Monday, September 29, 2008

Our first lunch with Aussie friends

Well, yesterday we had our first meal with Aussies in their home. During last week my wife met a friendly lady at a park in Landsdale, and she invited us to their church. We went there this Sunday morning, and after the service another couple invited us for lunch.

They were just good, down to earth Aussies with a garden that needs some real garden-boy attention. Great people. The guy has an earring, and in the left ear he has one of those earrings that creates a big hole in his ear-lobe. You can see right through his left earlobe. But apart from that being strange to this desert-rat, they were just so great and we enjoyed the visit.

Our smallest daughter Anica played along with the other kids - she talks in Afrikaans and they go on in auslish, and they play like they are talking the same language. They had a fight about a little toy at one stage - just like good old normal children.

We made quite a lot of new friends. Another lady insisted that we bring the children over for a visit - she also has three children about the same age as ours, and they have a trampoline and lots of nice play-thingies.

I met another nice guy and when we discussed the awful taxis in South Africa, he mentioned that he was a taxi driver (in Perth). In South Africa we would have frowned at a job like that, but here it's just another normal good honest job. I met panel-beaters, security installers - all great people.

Sunday evening we visited another church. There is one guy I really like, called Gavin. He comes form Alice Springs. Good old plaasjapie in the Aussie style. Got a nice hat made from rabbit leather. He met Steve Irwin once, and proudly tells the story. He's been all over Western Australia, and has interesting stories about sandstone and killer-frogs.

We talked about the Anglo-Boer war, and when I mentioned a more recent war called the bush-war, he looked at me in awe. He has never heard about it. Can you believe it? I explained about Swapo, ANC, the commies and national service - he was looking at me like I was crazy. Namibia is a totally unknown place here, and even South Africa's war is not really something that people know about. They know about the Anglo-Boer war, and that's it.

Well, so much for those who say that the Aussies keep to themselves and won't reach out to you - maybe we were just in the right place at the right time, but hey, that's the way things happen with us.

We made a decision before we came over to Australia. We decided to try and get out of our comfort zones, reach out and make friends with Australians. We don't mind having South African friends, but we don't want to sit in an isolated cocoon and click with the "boys from home" all the time.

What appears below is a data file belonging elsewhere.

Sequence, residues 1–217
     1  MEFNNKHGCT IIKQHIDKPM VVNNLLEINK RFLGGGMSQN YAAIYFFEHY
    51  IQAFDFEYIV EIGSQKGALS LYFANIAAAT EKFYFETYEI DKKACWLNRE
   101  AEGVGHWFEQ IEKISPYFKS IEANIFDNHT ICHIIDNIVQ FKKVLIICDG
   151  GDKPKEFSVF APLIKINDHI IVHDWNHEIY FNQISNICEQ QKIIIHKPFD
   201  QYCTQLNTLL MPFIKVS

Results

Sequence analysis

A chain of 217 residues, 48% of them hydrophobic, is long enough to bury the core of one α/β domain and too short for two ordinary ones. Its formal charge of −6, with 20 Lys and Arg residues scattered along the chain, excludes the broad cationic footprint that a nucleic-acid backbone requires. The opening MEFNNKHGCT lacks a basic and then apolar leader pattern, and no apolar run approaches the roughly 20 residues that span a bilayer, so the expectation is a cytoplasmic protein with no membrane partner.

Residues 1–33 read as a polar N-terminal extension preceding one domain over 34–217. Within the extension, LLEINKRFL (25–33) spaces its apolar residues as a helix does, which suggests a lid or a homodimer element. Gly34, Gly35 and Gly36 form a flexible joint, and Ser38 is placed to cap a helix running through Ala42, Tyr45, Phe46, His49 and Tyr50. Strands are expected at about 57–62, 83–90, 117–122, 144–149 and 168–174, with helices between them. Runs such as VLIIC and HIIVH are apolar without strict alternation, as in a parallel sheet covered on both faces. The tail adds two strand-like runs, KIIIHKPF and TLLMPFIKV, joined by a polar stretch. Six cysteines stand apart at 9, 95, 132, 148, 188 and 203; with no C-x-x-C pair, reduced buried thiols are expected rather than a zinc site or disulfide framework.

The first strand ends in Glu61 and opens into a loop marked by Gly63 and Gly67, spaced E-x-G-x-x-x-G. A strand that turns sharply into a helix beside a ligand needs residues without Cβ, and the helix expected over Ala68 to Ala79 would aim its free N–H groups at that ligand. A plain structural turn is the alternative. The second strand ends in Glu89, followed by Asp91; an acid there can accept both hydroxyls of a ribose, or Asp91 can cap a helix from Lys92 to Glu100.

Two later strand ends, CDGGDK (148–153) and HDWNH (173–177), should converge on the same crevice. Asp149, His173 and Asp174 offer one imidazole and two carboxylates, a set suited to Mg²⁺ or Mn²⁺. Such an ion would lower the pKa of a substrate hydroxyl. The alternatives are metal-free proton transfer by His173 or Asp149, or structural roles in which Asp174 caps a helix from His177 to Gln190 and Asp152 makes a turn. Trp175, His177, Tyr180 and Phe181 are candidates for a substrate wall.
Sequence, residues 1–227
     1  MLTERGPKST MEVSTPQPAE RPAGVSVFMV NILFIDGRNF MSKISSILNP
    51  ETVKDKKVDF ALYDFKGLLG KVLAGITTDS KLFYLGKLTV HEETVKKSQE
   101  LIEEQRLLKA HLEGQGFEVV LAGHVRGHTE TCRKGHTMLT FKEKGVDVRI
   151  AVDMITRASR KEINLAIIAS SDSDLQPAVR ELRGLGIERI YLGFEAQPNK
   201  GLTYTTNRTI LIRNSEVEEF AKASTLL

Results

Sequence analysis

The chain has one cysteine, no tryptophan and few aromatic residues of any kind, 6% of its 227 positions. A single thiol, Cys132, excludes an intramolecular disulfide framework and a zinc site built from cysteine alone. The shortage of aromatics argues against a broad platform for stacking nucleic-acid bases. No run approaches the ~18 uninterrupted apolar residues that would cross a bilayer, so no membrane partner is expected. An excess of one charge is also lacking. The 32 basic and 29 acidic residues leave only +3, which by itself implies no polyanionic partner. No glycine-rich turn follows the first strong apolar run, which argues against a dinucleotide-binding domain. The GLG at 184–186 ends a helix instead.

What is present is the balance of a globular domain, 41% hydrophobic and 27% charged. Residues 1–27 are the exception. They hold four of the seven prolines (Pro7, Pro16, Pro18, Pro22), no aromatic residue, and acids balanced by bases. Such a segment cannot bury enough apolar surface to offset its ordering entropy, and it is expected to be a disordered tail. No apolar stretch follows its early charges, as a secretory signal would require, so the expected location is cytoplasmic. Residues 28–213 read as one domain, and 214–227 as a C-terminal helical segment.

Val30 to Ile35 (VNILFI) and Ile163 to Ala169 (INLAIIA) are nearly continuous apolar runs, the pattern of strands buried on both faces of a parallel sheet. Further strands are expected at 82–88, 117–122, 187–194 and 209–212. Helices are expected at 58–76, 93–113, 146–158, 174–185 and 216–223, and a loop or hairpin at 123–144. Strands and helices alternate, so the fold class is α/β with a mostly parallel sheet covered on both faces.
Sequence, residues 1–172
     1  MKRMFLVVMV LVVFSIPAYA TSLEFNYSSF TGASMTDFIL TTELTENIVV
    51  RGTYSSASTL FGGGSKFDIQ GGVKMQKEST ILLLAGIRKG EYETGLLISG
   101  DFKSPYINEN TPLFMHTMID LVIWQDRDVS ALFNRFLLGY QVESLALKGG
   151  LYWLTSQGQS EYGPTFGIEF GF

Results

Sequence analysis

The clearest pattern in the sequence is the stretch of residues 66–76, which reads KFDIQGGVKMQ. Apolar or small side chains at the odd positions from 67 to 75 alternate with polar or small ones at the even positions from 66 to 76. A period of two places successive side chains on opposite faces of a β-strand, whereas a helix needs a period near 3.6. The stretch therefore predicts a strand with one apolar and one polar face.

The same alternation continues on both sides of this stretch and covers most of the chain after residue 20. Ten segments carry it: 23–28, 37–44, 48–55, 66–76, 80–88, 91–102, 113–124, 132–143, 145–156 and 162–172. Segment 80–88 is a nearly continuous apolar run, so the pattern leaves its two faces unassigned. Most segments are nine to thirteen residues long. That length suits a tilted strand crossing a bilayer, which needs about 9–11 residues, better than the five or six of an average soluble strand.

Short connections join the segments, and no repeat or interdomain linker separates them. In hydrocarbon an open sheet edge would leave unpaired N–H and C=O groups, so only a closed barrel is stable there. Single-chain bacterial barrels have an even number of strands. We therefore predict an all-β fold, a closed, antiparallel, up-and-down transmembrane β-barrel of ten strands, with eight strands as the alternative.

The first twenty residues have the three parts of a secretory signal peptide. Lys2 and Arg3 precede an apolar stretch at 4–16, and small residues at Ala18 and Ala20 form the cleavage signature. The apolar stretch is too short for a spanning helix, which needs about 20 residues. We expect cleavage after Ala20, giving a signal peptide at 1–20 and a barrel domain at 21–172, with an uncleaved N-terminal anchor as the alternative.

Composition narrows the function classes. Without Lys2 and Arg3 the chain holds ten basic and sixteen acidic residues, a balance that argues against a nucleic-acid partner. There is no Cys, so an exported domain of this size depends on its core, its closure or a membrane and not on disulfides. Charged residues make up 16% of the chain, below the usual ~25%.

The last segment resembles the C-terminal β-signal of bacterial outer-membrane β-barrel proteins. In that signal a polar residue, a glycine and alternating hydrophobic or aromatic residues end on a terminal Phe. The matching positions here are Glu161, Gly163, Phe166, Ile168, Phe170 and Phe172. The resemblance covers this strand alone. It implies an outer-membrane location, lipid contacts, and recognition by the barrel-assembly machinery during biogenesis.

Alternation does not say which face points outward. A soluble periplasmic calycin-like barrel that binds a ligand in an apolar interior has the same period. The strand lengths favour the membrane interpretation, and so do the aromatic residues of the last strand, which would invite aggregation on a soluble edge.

One lady told us how rude it is to her when South Africans get together, and just switch over to Afrikaans in the middle of a discussion. She feels totally left out when this happens. I know how this feels - the blacks in SA do the same thing. Ironic, isn't it?

Well, we've been in Perth for more than a week now. It feels like a lot longer. All of us tried out the buses, and we're much more comfortable with that now.

We will be moving into our house next Friday. We checked out the park in the area, and it is unbelievable. It feels like we moved into one of the top suburbs in Windhoek - only better than that. And this is just a normal, middle-class average Aussie neighbourhood. The park is massive, has two barbies, and rugby poles combined with footy poles on the field. A quiet place - except for the birds.

The birds here are all on steroids. I haven't seen anything like it. We saw cockatiels in the zoo. That thing will give you permanent back problems if you let it sit on your shoulder. Looks more like an eagle or something - BIG birds.

You get a lot of black crows here - also massive, and then you get the famous magpies, who look similar but are black and white. A cat will feed on this thing for three days - if he lives to tell the story.

The only negative thing I see here is the graffiti. The youth is a bit messy and some of the things they write are really disgusting. But this is mostly under some hidden place out of direct public view.

Well, I feel at home here. I can't remember that I lived somewhere else. You get into the system easily, and once you're over the initial shock, you feel at home. The people are really extremely friendly. Going into a bank or a post office is a breeze compared to the Namibian ehh, ahh and ohhh experience. I applied at MBF for private health insurance - was out of there in 10 minutes.

I don't miss my country very much. Sometimes I see my brother's son's picture on our digital picture frame, and I miss the little guy - but that's it. Come and have a look for yourself - you'll like it here.

Perth is great

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